PACE-SETTER: Northville’s new QB1 primed to lead team’s offense

 PACE-SETTER: Northville’s new QB1 primed to lead team’s offense

Senior Isaac Pace is embracing the opportunity to serve as starting quarterback for Northville’s state-ranked football team.

Barring an injury to the starter, the game-night responsibilities of high school back-up quarterbacks are pretty cut-and-dry: chart plays on a clipboard, cheer on teammates and be ready in case of an emergency.

With just over four minutes left in Northville’s Sept. 23, 2022, home game against Brighton, Mustang QB2 Isaac Pace more than proved he was ready.

Trailing the Bulldogs 17-14, unbeaten Northville took over on its own 20-yard line when Pace learned he was going to be replacing injured starter Luca Prior for the final, tension-packed drive.

“It all happened so fast, I didn’t really have time to think,” Pace remembered, when asked about his mindset during the seconds after he learned of his heightened status.

“At first, I thought to myself, ‘Holy crap!’ But once I got in the game, I was fine.”

Dramatic drive

Pace engineered a productive drive which saw the Mustangs move to the Brighton 15-yard line with the final seconds ticking off the clock.

Isaac Pace is pictured during the season opener against Clarkston PHOTO ELLEN CLAUSON
Isaac Pace is pictured during the season opener against Clarkston PHOTO ELLEN CLAUSON

A blocked field goal prevented overtime — and potentially more Pace heroics — but the talented lefty had proven he was up to the challenge.

In the wake of Prior’s graduation, Pace has been elevated to QB1 for the 2023 season — the first for the Mustangs under the guidance of new Head Coach Brent Luplow.

The senior’s starting debut was a success on Aug. 25 against state-ranked Clarkston as Pace completed 7 of 14 passes for 195 yards and two touchdowns in the Mustangs’ emphatic 24-10 victory.

“I like the control the quarterback has of the offense and the leadership opportunities that present themselves,” Pace said. “I have to know where everyone is on the field because if one person is in the wrong spot, it can mess up the entire play.”

Rolling with the changes

Considering the schematic changes, Northville’s coaching transition impacted Pace as much as any player on the team, but he’s handled it with the cool, calm demeanor those who know him well expected.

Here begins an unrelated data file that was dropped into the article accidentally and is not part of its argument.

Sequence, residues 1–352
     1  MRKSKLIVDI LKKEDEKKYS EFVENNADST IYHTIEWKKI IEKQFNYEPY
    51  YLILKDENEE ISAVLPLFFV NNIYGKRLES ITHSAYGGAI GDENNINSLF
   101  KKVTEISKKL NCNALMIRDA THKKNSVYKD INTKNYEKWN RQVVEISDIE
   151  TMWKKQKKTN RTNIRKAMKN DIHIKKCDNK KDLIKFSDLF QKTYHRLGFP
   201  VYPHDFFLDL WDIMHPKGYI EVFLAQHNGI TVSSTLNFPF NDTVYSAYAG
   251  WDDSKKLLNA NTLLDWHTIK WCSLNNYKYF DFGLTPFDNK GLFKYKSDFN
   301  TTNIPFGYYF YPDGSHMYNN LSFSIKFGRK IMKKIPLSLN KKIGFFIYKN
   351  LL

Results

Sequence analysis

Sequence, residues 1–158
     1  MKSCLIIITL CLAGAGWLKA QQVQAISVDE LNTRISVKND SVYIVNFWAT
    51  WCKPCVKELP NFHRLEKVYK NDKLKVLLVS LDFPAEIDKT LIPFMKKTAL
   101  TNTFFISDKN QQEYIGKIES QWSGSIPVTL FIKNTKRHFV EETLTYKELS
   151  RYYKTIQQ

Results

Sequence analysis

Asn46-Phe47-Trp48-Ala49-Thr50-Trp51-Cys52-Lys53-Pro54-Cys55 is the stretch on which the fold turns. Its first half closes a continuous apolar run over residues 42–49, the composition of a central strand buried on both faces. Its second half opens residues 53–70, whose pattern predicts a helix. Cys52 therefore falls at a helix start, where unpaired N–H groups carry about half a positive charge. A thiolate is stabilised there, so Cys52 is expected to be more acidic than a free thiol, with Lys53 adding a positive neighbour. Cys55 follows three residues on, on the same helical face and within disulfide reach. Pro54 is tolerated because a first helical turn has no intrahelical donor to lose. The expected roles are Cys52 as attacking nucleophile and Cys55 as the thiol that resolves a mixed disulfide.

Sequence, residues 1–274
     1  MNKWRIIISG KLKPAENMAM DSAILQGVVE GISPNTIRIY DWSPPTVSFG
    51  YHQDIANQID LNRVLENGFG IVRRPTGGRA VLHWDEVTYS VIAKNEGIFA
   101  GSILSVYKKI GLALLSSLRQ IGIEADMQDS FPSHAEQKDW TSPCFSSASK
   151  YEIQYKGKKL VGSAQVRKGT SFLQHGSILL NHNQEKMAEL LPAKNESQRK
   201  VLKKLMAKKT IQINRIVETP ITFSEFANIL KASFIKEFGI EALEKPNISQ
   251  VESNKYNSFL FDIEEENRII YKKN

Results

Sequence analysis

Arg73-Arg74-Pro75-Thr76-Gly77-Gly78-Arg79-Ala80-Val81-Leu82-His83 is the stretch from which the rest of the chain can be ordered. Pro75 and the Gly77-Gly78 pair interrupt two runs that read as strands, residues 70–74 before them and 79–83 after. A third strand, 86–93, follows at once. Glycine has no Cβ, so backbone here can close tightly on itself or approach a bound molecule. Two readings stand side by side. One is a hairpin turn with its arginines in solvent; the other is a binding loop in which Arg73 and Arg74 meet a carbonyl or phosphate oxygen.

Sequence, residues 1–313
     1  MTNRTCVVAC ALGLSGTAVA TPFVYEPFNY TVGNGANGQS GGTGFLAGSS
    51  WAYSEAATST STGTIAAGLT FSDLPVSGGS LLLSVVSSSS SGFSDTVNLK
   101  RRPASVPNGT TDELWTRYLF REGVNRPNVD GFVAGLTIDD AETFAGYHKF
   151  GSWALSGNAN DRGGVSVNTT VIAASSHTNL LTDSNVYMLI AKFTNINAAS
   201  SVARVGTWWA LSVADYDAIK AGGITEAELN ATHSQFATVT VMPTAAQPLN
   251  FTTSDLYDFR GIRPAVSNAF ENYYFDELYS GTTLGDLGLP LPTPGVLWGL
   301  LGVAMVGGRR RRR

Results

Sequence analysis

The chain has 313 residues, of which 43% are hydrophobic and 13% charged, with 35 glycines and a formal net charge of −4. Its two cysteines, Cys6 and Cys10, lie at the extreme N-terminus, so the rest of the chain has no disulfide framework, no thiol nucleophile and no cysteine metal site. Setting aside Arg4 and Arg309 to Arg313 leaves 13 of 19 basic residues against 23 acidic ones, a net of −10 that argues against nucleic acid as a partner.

“Coach Luplow has done a great job of communicating what he wants to see, reads he wants me to make on passing plays and my footwork on running plays,” Pace said. “He sends in all the formations before each play so everyone knows where to line up.

“Our 7-on-7 scrimmages went really well all summer. Myself and some of our receivers made sure to get some work in when it wasn’t required so we could build chemistry. Overall, the transition has gone really well.”

Pace said one of the biggest adjustments was starting plays under center after lining up in the shotgun formation 100% of the time under Head Coach Matt Ladach.

“I hadn’t started under center since probably seventh grade, but I got used to it pretty quickly,” he said. “Our running plays hit a little quicker when we’re not in shotgun, letting our running backs start running downhill quicker.”

When asked if he gets more satisfaction out of a 20-yard scramble or a 20-yard pass play, the dual-threat quarterback picked the pass.

“I’m happy doing whatever it takes, though,” he said.

Pace is an outstanding student and a talented pitcher for the Mustangs’ baseball team, which was ranked No. 1 in Division 1 for stretches this past spring.

Pace said he has an interest in possibly pursuing a career as a pilot.

But for now, he’s focused on leading aerial assignments on the football field, leaving clipboards in the rear-view mirror.

Ed Wright can be reached at 734-664-4657 or

Ed Wright

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